Remember this picture from late last year?
It’s the road to Sabine Pass. It’s not
much of a road anymore. Last year’s hurricanes completely
anything that resembled black top for the 20-mile stretch from High
Island to Sabine Pass. There was some asphalt left; it just
happened to be in football-sized chunks. The once-smooth road
surface has been reduced to loose sand—often times deep. Often
times very deep.
When I took that picture in December, I really
wanted to venture forth and see what remained after the storms.
After glancing at my watch and realizing it would have to be another
day, I reluctantly turned the motorcycle around and headed home.
This ever-so-trivial event and that picture
have been bugging me for two months.
I left around 10:00 am. The plan was
simple... explore that road.
My first stop was in Galveston when I saw what
I thought would be a nice picture of an abandoned warehouse...
Then I found what appeared to be a train
graveyard. Look at these old passenger cars...
And in the midst of the trash and other debris,
I found these brown pelicans basking quietly in the sun. The
one in the foreground was cleaning its feathers...
Taking the ferry from Galveston to Bolivar
during the weekend is not advisable. I had to sit and wait for
about an hour. Fortunately I had my iPod and a concrete
barrier to rest my back against as I dozed off sitting on the
parking lot waiting my turn to board the ship.
The photo assignment over on F650.com is
"clouds", so while relaxing on the ferry ride over to Bolivar, I tried
to capture a photo worthy of submission. There were hardly any
clouds in the sky... this was the best I could get...
The seagulls have the ferry system figured
After disembarking from the ferry, I decided to pull over and
capture the scenery since I was the very last vehicle to exit the
ship. I sat there for about ten minutes waiting for the line
of cars on the two-lane road to get on their way... and out of mine.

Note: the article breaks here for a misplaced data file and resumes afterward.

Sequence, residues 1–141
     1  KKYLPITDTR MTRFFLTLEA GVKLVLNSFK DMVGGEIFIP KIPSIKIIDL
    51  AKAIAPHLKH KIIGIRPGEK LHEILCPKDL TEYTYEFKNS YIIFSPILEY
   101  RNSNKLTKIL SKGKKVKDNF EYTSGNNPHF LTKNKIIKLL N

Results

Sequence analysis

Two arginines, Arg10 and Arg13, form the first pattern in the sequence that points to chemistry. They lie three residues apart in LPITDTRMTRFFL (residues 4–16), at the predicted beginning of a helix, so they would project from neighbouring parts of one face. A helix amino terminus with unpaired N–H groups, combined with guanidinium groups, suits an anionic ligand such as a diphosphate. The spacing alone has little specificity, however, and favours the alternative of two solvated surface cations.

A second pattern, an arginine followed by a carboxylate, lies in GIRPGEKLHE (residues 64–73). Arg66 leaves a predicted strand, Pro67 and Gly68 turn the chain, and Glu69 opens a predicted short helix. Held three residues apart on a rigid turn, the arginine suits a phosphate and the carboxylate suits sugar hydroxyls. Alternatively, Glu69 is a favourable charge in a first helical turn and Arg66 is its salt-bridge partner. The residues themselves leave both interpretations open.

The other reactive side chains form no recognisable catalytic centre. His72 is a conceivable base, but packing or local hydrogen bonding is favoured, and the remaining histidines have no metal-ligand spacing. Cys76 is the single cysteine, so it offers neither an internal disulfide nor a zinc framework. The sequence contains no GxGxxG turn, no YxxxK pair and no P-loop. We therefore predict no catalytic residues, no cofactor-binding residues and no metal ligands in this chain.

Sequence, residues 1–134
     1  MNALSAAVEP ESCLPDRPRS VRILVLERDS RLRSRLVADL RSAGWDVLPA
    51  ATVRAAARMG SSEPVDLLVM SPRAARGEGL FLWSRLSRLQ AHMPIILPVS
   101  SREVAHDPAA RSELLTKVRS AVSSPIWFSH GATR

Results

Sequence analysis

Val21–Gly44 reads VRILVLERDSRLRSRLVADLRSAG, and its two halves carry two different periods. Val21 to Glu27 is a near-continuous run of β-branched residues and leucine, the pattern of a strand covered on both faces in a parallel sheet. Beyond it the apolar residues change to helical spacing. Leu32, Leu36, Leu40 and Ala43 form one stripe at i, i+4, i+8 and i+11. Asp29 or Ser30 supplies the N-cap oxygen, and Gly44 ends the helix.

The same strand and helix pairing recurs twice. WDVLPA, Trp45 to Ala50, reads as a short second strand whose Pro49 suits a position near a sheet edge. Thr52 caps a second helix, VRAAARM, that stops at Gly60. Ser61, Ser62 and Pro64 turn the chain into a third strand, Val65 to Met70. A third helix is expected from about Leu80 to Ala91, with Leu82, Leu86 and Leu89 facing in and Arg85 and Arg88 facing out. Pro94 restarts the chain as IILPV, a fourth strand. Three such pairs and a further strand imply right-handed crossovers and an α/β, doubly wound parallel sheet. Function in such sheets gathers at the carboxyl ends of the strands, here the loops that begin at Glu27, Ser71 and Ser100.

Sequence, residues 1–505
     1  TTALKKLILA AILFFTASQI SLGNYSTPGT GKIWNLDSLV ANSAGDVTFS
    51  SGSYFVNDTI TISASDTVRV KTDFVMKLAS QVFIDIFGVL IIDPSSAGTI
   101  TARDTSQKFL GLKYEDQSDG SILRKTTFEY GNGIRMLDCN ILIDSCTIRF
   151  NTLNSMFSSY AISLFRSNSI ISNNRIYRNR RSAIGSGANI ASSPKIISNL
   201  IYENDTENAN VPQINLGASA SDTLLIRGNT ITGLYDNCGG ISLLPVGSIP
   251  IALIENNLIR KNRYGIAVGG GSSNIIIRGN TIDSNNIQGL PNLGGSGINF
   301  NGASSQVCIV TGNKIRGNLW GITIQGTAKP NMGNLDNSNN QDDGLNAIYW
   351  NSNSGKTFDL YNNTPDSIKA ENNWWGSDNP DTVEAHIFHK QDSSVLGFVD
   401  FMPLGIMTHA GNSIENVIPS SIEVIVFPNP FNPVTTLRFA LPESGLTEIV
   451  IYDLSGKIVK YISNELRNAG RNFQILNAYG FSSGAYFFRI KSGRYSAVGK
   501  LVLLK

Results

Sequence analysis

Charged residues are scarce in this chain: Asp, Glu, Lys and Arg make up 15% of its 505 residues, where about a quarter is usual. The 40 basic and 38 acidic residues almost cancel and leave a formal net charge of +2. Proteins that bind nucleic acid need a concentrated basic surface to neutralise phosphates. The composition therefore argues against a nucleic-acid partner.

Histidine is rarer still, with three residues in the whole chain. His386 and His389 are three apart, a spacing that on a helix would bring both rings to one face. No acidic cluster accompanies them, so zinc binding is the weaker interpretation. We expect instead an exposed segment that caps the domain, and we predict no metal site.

And finally. Finally I arrived the same
spot where I had reluctantly turned around before. This time I went
The football-sized chunks of asphalt were, for
the most part, off to the side of the path in the beginning, and the road was
packed nicely for the first mile or so.
Once I traveled beyond where the surf-fishermen
and seashell gatherers were able to access, the road simply vanished.
Occasionally there were some rocks, but for the most part, it was
Deep sand can be challenging. Especially
at slower speeds. While it may seem counter-intuitive,
the way to ride in sand is to simply stand up on the pegs and get
on the throttle. I was running about 35mph at first. I'd
get going along, and all of a sudden I would hit a deep section of
sand, and the front wheel would begin its dance.
The only problem with opening up the throttle
is that if I would have come off the bike, it could have been a very,
very long time until someone found me. But, I was sick of
battling the sand, so I rolled on the gas. Clipping
along at about 55mph, I was much happier.
For the next 15 miles the suspension welcomed
the bouncing terrain and quick changes in direction as I avoided the
chunks of broken road.
I even think I came up with a new definition of
happiness when I realized I was running about 60mph up on the
pegs with my iPod playing Lynch Mob's Wicked Sensation and
singing so loud in my helmet that my throat hurt when the song was
At some point I found a hard-packed area to
stop for a bio break. I just love these pictures... Gulf of
Mexico to the left, nothing at all to the right, and straight
ahead... a fantastic road with no end in sight...
Another definition-of-the-day emerged as the
challenging sand turned into asphalt again... anti-climatic.
After my Payday candy bar, a Twinkie and a
20-ounce coke, I decided the 20-mile detour to cross the border into
Louisiana would be worth it to check off another state on
my 50-state quest.
As I crossed the state border, my first thought was "WTF?"
No 'Welcome to Louisiana' sign? WTF?
After riding into the state for about 5 miles,
I decided there was no 'Welcome' sign to be found, so I did the best
My 100-mile ride home was completely
uneventful, though I did find another cloud picture...
And that's that.
Thanks for coming along...